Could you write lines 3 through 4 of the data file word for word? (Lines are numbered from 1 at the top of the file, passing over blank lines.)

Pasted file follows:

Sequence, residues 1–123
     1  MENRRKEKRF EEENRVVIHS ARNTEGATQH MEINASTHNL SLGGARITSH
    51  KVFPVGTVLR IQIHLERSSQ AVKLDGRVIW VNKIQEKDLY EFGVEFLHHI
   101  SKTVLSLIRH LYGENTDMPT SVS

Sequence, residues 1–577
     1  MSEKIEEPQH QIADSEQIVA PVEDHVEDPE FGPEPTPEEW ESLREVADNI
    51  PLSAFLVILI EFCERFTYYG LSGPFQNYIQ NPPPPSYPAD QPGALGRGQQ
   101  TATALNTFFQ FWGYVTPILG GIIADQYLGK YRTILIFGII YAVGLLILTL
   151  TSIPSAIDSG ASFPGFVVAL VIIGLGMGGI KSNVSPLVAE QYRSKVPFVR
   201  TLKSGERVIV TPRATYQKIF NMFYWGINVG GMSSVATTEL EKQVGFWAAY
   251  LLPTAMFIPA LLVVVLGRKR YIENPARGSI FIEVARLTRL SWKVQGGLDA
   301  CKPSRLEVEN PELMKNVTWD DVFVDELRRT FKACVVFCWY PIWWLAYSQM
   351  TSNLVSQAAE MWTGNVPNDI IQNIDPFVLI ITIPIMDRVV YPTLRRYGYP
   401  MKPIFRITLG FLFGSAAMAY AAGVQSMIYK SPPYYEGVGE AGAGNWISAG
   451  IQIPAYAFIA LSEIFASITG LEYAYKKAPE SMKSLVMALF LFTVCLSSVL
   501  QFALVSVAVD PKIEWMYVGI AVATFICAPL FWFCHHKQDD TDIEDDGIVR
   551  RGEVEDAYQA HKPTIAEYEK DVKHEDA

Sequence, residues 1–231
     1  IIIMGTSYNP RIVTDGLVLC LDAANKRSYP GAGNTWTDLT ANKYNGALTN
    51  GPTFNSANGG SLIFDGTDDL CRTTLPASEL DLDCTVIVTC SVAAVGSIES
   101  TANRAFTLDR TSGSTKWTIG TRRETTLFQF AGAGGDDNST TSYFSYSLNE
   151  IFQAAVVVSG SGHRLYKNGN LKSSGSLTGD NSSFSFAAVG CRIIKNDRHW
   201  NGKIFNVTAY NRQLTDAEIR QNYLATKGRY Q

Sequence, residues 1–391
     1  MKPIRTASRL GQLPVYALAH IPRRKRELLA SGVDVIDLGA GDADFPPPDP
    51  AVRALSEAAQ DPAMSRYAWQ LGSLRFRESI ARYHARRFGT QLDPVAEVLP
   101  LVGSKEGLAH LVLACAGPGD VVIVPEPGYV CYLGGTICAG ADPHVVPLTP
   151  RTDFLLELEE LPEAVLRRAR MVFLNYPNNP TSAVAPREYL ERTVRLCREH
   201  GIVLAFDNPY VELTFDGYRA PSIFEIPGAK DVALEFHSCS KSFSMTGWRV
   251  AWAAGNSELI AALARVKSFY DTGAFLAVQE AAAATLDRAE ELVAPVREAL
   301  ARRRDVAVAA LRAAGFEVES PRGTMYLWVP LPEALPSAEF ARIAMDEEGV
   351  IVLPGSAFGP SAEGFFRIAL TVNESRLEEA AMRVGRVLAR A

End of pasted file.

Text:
    51  KVFPVGTVLR IQIHLERSSQ AVKLDGRVIW VNKIQEKDLY EFGVEFLHHI
   101  SKTVLSLIRH LYGENTDMPT SVS